Delaware Citizens Opposed to the Death Penalty
Delaware Citizens Opposed to the Death Penalty was started in 1992 by Pacem in Terris as a coalition of individuals and groups formed with the purpose of ending capital punishment in Delaware. It seeks to educate and promote an understanding among Delawareans of the realities associated with capital punishment, focusing on its philosophical and practical inadequacies, while encouraging non-violent alternatives for the punishment of crime which do not devalue human life. To achieve its ends, it has engaged in the following activities: education, community outreach, public awareness, and legislative action.
In conjunction with the Delaware Repeal Project, a bill to abolish the death penalty in Delaware was introduced into the Delaware Legislature in 2013. Although it passed in the Senate, it failed to pass in the House and will be reintroduced in 2015. With your help and that of all the other citizens who believe that now is the time to end capital punishment in the First State, we are optimistic that we will succeed during this legislative session to abolish the death penalty.
An important subgroup of Delaware Citizens is Because Love Allows Compassion (BLAC), which is directed by Anne Coleman and Barbara Lewis. Anne, whose daughter was murdered, and Barbara, whose son’s death penalty was commuted to life in prison in February 2012, are moving speakers and have appeared on a number of national talk shows. BLAC reaches out to death row inmates and their families.
For more information, please contact Delaware Citizens Opposed to the Death Penalty at:
or contact Pacem in Terris at 302-656-2721,
For more information, call DCODP at 302-577-5144 or Pacem in Terris at 302.656-2721.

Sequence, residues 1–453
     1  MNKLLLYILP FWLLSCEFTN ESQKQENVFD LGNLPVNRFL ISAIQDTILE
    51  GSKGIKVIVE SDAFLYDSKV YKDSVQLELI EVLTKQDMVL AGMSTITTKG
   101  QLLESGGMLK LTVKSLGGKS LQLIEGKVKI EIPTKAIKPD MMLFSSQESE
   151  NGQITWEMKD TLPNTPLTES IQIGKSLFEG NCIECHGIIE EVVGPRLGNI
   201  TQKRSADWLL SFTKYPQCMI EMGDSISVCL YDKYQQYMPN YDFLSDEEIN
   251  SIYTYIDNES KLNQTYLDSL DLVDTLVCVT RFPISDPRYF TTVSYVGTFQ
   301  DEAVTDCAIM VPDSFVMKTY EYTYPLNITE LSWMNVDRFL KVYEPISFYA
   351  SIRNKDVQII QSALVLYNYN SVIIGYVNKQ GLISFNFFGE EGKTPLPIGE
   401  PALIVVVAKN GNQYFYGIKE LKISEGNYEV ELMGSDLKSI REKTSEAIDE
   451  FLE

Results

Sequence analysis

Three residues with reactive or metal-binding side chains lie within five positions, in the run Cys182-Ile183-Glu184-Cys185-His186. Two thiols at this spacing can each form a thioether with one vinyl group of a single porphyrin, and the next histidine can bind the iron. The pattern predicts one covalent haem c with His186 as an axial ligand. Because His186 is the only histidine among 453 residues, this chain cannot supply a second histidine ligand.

Death Penalty Facts
You can read our extensive fact-sheet on the Death Penalty here.
- The vast majority of countries in Western Europe, North America and South America — more than 139 nations worldwide — have abandoned capital punishment in law or in practice. The United States remains in company of Iraq, Iran and China as one of the major advocates and users of capital punishment.
- In 1987, the U.S. Supreme Court ruled in Tisen v. Arizona that a person may be executed even if he or she did not actually commit a murder.
- Jury override: in the states of Alabama, Delaware, and Florida, a judge may overturn a jury decision of innocent to impose the death penalty in capital cases.
- Despite being the second smallest state, Delaware is ranked 16th nationally in total executions.
- Race-of-victim bias in the death penalty has been a persistent problem. Since 1977, the overwhelming majority of death row executions (77%) involved a white victim, even though blacks and whites are murder victims in nearly equal numbers of crimes. A study performed by University of Iowa law professor David C. found that black defendants were 1.7 times more likely to receive the death penalty than white defendants and that murderers of white victims were 4.3 times more likely to be sentenced to death than those who killed blacks.
- This bias is also problematic in in states that use jury override in capital cases. In Alabama, seventy-five percent of all death sentences imposed by override involve white victims, even though less than 35% of all homicide victims in the state are white.
- In Louisiana, the odds of a death sentence were 97% higher for those whose victim was white than for those whose victim was black.
- More than 20% of black defendants who have been executed were convicted by all-white juries.
- The execution of those with mental illness or "the insane" is clearly prohibited by international law. Virtually every country in the world prohibits the execution of people with mental illness.
- The execution of the insane – someone who does not understand the reason for, or the reality of, his or her punishment - violates the U.S. Constitution (Ford v. Wainwright, 1986). The Ford decision left the determination of sanity up to each state. Constitutional protections for those with other forms of mental illness are minimal, however, and dozens of prisoners have been executed despite suffering from serious mental illness. The National Association of Mental Health has estimated that five to ten percent of those on death row have serious mental illness.
Discrimination Against the Poor